Calls to relinquish technologies that could lead to such ends are unrealistic, as these are inextricably linked to positive applications – which greatly outnumber the negative ones.  And any attempt to suppress technological progress through means of legislation and enforcement will only mean that when these technologies do inevitably mature, they will be in the hands of those who operate outside the law.  Government bodies and committees certainly deserve respect for their ability to mediate disputes and create safety guidelines, but these have never proven capable of ensuring that a given technology is never once used for destructive purposes.  And with advanced genetic engineering and nanotechnology, one single misuse may be all it takes to write the epitaph for the human race.  We simply cannot rely on traditional organizations and regulations to guide us safely through these turbulent rapids of progress.  The current is too swift and the hazards too numerous.  And we know from history that somewhere, somehow, there is always a mistake. A human mistake.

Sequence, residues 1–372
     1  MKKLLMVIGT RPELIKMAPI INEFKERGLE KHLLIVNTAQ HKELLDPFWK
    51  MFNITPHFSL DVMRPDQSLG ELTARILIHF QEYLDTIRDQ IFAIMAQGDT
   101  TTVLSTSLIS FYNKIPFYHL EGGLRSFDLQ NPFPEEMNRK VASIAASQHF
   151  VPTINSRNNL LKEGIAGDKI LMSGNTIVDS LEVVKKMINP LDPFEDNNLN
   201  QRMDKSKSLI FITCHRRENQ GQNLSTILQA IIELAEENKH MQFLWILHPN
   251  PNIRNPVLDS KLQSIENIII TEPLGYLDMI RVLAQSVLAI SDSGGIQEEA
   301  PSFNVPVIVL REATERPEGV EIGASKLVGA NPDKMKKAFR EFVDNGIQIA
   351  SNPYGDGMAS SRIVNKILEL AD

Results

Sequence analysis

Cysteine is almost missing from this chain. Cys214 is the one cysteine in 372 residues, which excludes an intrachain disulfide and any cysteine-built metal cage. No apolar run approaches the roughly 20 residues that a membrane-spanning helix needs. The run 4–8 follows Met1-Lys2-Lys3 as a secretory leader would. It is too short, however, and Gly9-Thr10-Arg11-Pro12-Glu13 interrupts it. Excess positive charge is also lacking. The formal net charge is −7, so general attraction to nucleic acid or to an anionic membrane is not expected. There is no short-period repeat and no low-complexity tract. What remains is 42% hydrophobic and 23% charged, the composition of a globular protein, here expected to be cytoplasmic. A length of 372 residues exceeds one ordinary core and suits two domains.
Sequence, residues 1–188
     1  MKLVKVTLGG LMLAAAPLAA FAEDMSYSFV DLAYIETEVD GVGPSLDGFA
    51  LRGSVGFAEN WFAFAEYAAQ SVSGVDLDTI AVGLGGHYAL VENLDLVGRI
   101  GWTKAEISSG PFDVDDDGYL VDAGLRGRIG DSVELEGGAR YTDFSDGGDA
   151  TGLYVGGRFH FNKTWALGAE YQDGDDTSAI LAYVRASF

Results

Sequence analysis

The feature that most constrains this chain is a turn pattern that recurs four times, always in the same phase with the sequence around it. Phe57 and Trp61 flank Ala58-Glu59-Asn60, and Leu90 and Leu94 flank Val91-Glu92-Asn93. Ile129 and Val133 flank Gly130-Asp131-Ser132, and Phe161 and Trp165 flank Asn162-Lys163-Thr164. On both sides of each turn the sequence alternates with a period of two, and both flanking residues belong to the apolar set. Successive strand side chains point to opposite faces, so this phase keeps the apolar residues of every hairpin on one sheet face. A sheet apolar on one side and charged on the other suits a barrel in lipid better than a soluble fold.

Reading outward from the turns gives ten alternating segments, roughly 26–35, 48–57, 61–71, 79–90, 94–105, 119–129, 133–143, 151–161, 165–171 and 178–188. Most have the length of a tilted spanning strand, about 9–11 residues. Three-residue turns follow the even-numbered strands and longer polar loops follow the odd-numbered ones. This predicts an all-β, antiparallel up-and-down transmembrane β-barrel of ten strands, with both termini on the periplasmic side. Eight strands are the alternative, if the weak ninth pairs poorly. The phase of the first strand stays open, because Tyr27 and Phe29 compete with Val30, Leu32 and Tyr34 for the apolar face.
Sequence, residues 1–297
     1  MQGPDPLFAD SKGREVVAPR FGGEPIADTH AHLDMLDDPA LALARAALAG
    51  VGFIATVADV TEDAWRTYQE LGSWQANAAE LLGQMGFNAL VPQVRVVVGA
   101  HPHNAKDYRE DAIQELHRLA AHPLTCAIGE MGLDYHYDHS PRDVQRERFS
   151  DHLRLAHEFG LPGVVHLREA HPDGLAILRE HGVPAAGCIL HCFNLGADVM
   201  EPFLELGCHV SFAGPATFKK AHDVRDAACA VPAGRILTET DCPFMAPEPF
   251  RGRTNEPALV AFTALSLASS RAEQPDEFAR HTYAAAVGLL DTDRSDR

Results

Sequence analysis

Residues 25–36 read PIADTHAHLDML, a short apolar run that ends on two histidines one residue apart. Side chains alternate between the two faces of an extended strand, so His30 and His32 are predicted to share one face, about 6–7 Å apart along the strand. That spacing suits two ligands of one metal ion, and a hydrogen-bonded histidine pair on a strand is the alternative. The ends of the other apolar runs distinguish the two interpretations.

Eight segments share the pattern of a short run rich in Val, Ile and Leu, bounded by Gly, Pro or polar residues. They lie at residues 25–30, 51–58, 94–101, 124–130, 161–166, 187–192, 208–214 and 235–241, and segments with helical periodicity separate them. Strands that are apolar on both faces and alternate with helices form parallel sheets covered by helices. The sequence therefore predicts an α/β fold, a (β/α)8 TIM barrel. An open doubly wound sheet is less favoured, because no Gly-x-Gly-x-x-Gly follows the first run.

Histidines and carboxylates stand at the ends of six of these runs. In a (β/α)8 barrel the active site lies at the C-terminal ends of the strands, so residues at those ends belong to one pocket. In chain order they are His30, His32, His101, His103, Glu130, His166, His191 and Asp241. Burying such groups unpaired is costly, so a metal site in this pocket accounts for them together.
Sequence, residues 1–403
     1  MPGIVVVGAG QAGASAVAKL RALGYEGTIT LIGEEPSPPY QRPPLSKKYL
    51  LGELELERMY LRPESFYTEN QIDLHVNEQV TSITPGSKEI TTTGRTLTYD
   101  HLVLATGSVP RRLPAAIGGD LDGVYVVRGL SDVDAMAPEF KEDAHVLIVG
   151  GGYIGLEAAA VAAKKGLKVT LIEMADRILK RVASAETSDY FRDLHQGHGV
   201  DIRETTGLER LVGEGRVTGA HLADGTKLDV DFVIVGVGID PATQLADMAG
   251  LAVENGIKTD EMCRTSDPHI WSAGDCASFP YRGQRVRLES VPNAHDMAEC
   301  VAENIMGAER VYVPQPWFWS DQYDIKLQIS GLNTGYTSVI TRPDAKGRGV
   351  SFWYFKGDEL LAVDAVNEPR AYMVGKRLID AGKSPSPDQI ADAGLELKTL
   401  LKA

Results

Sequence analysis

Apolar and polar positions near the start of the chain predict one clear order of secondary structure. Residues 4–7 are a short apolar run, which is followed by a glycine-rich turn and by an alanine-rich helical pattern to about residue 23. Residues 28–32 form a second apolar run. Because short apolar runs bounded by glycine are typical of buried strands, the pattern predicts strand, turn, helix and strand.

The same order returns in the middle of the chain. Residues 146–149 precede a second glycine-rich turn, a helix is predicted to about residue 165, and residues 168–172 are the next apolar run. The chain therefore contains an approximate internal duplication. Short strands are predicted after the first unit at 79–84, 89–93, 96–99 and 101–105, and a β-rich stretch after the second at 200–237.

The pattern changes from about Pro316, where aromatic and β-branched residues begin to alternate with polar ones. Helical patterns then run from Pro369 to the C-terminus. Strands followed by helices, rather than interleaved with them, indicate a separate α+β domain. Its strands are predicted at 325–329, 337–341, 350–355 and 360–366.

Human mistakes are inevitable for the obvious reason that we are in possession of mere human intelligence.  We also carry in our genes a myriad of irrational tendencies that do not serve us well, having been so far removed from the ancestral environments where they were useful.  We often cherish our primitive instincts and delight in our child-like awe at mysteries “beyond human comprehension,” but these are fertile ground for the kinds of critical failures that could send civilization crashing into the lodestones of oblivion.  Our need, then, is for faculties beyond human reasoning, and for minds free of evolutionary liabilities.  Whether collectively or in the minds of a select few, we need greater-than-human intelligence to skillfully shoot the rapids of progress and chart the seas of universal prosperity.